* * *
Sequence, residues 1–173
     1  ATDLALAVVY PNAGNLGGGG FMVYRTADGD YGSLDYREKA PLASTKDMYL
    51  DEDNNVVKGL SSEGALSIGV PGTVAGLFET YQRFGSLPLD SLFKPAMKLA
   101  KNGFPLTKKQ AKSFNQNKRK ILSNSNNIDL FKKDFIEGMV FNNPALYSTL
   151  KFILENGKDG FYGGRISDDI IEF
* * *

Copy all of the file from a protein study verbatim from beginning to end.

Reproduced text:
Sequence, residues 1–173
     1  ATDLALAVVY PNAGNLGGGG FMVYRTADGD YGSLDYREKA PLASTKDMYL
    51  DEDNNVVKGL SSEGALSIGV PGTVAGLFET YQRFGSLPLD SLFKPAMKLA
   101  KNGFPLTKKQ AKSFNQNKRK ILSNSNNIDL FKKDFIEGMV FNNPALYSTL
   151  KFILENGKDG FYGGRISDDI IEF